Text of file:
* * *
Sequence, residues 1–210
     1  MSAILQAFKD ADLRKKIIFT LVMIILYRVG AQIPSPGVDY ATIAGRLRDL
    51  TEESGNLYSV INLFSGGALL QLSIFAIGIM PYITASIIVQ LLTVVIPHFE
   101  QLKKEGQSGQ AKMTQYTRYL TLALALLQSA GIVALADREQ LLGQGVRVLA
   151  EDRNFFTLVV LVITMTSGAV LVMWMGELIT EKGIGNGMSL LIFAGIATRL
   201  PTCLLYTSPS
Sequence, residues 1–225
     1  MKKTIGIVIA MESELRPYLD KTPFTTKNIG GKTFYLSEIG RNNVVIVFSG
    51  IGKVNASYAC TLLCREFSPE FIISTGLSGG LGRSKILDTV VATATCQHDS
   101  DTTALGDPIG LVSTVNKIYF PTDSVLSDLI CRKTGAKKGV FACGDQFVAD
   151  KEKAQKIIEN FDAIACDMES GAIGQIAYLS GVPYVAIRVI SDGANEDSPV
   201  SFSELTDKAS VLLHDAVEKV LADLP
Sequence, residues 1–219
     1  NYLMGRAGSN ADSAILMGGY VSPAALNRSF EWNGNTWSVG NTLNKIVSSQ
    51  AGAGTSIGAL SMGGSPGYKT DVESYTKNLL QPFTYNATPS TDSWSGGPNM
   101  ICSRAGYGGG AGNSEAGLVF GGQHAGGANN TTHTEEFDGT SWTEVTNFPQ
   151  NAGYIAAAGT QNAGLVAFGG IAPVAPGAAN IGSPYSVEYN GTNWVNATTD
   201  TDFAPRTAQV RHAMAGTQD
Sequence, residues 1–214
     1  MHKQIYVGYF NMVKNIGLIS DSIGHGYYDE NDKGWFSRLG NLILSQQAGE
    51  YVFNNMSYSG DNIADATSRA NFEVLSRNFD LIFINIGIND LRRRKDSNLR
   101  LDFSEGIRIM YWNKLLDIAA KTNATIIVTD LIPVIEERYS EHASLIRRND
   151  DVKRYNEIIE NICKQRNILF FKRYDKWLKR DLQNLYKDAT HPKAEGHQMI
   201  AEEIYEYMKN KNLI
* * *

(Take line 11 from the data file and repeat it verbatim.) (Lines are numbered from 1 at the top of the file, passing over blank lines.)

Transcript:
   151  KEKAQKIIEN FDAIACDMES GAIGQIAYLS GVPYVAIRVI SDGANEDSPV